'I tax not you, ye elements, with unkindness;
I never gave you kingdom, call'd you children;
You owe me no subscription. Then let fall
Your horrible pleasure. Here I stand your brave,
A poor, infirm, weak, and despis'd old man;
But yet I call you servile ministers,
That have with two pernicious daughters join'd
Your high engender'd battles, 'gainst a head,
So old and white as this. Oh! oh! 'tis foul..
Let the great gods,
That keep this dreadful pudder o'er our heads,
Find out their enemies now. Tremble, thou wretch,
That hast within thee undivulg'd crimes,
Unwhip’d of justice! Hide thee, thou bloody hand;
Thou perjure, and thou simular of virtue,
That art incestuous ! catiff, shake to pieces,
That, under cover of convivial seeming,
Has practis'd on man's life-Close pent-up guilts,
Rive your concealing continents, and ak
Those dreadful summoners grace! -I am a man,
More finn'd against, than finning.
Is this a dagger which I fee before me,
The handle tow'rd my hand ? come, let me clutch thee.
I have thee not, and yet I see thee ftill.
Art thou not, fatal vision, sensible
To feeling, as to fight? or art thou but
A dagger of the mind, a false creation
Proceeding from the heat oppressed brain ?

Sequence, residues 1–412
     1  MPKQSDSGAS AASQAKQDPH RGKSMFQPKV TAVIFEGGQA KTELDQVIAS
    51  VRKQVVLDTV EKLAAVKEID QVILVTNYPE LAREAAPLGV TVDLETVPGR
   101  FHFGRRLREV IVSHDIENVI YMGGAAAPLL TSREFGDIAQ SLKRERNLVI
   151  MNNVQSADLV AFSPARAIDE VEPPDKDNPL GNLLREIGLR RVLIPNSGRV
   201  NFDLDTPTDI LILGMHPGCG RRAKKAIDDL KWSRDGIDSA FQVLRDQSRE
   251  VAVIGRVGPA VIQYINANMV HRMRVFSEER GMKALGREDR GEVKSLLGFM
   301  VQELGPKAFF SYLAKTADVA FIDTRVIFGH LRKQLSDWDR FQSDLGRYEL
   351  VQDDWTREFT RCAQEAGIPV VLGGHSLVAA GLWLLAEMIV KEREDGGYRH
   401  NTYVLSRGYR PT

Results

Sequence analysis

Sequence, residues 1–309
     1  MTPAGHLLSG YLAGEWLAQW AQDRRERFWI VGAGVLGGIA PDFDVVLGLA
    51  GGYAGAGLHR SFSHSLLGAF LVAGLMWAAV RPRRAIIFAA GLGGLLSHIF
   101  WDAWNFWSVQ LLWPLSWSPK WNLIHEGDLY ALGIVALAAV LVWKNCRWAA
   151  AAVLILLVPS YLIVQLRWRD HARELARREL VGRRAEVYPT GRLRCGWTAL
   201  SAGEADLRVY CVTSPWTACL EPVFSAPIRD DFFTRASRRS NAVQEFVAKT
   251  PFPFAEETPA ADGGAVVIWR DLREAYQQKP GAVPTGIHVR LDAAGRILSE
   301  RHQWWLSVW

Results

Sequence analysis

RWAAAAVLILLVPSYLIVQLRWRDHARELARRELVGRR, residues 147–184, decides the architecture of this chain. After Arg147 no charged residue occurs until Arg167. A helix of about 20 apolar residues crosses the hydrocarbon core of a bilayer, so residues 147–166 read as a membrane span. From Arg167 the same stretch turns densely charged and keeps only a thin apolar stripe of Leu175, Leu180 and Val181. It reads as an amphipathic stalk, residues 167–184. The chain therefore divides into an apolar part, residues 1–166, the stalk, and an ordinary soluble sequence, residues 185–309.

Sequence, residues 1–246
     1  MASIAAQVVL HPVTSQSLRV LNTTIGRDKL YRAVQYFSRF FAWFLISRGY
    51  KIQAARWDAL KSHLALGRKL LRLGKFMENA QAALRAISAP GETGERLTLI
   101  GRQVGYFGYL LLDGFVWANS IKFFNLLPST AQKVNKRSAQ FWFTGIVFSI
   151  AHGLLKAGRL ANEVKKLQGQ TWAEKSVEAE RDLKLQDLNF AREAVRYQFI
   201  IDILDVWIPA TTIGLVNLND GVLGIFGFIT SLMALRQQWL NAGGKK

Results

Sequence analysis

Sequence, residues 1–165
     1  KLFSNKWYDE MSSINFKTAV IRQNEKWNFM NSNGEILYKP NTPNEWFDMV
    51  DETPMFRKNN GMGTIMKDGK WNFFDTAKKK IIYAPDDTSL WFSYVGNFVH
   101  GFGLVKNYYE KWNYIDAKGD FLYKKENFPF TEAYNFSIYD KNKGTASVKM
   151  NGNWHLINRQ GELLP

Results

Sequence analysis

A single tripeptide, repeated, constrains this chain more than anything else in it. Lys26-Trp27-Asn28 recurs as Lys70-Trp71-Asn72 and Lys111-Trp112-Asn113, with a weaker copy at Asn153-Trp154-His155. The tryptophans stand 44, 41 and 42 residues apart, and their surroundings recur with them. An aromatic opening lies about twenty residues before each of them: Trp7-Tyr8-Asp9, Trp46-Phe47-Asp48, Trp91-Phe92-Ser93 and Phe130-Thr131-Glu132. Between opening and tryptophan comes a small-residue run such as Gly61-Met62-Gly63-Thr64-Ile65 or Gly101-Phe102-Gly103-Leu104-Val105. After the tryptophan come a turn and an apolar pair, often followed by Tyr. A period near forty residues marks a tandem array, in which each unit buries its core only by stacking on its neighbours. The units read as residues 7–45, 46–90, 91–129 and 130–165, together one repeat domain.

I see thee yet, in form as palpable
As this which now I draw.
Thou marshal'st me the way that I was going :
And such an instrument I was to use,
Mine eyes are made the fools o' th' other fenses,
Or, else worth all the rest I see thee still ;
And on the blade of th' dudgeon gouts of blood,
Which was not so before. There's no such thing.-
It is the bloody business, which informs
Thus to mine eyes.-
Now o'er one half the world
Nature seems dead, and wicked dreams abuse
The curtain's sleep; now Witchcraft celebrates
Pale Hecate's offerings : and wither'd Murther,
(Alarm'd by his centinel, the wolf,
Whose howl's his watch) thus with his ftealthy pace,
With Tarquin’s ravishing ftrides, tow'rds his design
Moves like a ghoft, Thou sure and firm-fet earth,
Hear not my steps, which way they walk, for fear
And take the present horror from the time,
Which now suits with it. -Whilft I threat, he lives
and it is done ; the bell invites me, Hear it not, Duncan ; for it is a knell That summons thee to heaven or to hell!
MACDUFF, MALCOLM, AND ROSSE.
Maco. See who comes here!
MAL. My countryman : but yet I know him not.
MacD. My ever-gentle cousin, welcome hither.
MAL. I know him now. Good God, betimes remove The means that makes us strangers !
Rosse. Sir, Amen.
Mace. Stands Scotland where it did ?
Rosse. Alas! poor country!
Almost afraid to know itself. It cannot
Be callid our mother, but our grave; where nothing,
Bat who knows nothing, is once seen to smile ;
Where fighs and groans, and shrieks that rend the air,
Are made, not mark'd; where violent forrow seems
A modern ecstasy; the dead man's knell.
Is there scarce ask'd, for whom : and good men's lives
Expire before the flowers in their caps ;
Dying or e'er they ficken.
MacD. Oh, relation
Too nice, and yet too true!
MAL. What's the newest grief!